Symbolism

On August 22, 1991, the tricolor Russian flag was raised over the White House in Moscow for the first time, and soon replaced the Soviet red flag with a sickle and hammer as the main state symbol. Two years later, in December 1993, the tricolor was officially approved. Thus, the three hundred year tradition of using one of the main state symbols of Russia, which dates back to the XVII century, since the reign of Tsar Alexei Mikhailovich, was restored.

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In recent years, the topic of Ukraine has received so much attention from the Russian media that Russians see Ukrainian state symbols almost more often than the emblem of Russia. The blue-yellow flag and the Ukrainian state emblem in the form of a characteristic trident were the main symbols of the revolutionary Kiev Maidan, whose cadres spread all over the world.

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Russian folk clothing has a long history, it has many common features with the things that were worn by the ancient Slavs. The shape of the Russian costume corresponded to the way of life of the people and its geographical position. For example, in the more southern regions things differed in brightness, each element of the Russian wardrobe was thought out with great love.

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The national emblem of Russia is one of the main symbols of our country, along with the national anthem and the flag of the Russian Federation. It was approved in 1993 by decree of the first president of the country, Boris Yeltsin. However, the symbols that are depicted on the coat of arms of Russia have a much longer history, dating back to the period of the formation of the Moscow principality.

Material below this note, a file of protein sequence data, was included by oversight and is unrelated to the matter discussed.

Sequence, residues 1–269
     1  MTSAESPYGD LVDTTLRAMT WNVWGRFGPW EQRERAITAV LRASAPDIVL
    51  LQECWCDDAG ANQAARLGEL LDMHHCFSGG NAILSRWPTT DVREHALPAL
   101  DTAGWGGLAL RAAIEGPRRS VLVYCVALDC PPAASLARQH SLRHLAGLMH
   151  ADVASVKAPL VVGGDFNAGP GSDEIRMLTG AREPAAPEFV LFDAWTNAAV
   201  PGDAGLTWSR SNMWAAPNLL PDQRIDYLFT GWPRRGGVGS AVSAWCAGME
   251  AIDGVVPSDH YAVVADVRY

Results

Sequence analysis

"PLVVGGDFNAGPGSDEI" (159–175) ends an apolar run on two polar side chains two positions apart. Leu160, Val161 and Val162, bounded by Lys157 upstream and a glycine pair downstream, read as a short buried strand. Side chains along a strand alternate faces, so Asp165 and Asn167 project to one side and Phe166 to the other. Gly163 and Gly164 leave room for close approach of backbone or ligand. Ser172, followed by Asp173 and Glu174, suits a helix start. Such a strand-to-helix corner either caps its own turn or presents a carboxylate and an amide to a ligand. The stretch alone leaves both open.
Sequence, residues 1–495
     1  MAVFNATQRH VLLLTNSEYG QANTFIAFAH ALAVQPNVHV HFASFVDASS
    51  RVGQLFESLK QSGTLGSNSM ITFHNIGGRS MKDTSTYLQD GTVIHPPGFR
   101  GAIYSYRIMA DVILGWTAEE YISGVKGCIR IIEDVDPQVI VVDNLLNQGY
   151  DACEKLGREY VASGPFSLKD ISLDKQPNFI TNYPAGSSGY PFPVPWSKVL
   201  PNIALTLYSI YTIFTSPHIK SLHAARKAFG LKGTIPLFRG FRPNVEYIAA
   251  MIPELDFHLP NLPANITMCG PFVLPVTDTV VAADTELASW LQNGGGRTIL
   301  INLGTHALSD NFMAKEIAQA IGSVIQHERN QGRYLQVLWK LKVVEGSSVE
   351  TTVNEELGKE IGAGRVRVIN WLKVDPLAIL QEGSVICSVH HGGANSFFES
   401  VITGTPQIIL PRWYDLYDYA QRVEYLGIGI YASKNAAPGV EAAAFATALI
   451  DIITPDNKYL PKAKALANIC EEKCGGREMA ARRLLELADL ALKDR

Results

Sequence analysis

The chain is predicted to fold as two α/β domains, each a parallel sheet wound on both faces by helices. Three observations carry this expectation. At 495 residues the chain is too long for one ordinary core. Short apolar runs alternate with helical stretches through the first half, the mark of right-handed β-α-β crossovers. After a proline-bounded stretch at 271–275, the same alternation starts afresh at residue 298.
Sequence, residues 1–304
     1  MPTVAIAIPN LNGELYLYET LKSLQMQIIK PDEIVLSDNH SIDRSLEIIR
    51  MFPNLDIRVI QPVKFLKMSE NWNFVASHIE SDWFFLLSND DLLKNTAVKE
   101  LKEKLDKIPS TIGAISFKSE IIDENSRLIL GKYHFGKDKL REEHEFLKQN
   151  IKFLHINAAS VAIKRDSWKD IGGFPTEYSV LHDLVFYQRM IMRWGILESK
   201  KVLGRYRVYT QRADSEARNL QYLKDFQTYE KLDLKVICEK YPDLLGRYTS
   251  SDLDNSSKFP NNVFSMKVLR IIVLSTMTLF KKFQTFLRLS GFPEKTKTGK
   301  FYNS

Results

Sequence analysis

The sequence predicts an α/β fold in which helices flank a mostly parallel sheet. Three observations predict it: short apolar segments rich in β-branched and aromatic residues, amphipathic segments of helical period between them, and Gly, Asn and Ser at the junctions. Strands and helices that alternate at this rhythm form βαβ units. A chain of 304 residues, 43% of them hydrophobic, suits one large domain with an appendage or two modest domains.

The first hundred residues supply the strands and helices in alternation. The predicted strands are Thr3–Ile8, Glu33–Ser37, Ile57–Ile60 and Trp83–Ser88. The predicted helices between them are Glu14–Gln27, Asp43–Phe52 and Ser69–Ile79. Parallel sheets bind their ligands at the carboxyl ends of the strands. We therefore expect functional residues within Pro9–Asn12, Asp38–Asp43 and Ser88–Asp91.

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The most famous Japanese martial arts weapon is without a doubt nunchuck. In the 80s of the 20th century, these weapons came to the open spaces of the USSR along with karate and Hollywood films. Every teenager after watching the movie wanted to have nunchucks. Make them was simple enough, the main thing is to know the basic proportions.

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Back in 1918, two different flags emerged in the young Ukrainian state. The first was yellow-blue, and the second of its inverted version - blue-yellow. After the overthrow of the Central Rada, the Russian monarchist Skoropadsky legalized an inverted flag as a symbol of his own struggle.

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Traditional Ukrainian men's suits have a considerable resemblance to other East Slavic clothes. They are based on shirts made from hemp or linen fabrics, as well as wool or cloth pants. Shirts worn on the body, often served as outerwear. Distinctive features of men's Ukrainian shirts is the presence of a front incision (ridge), decorated with embroidery.

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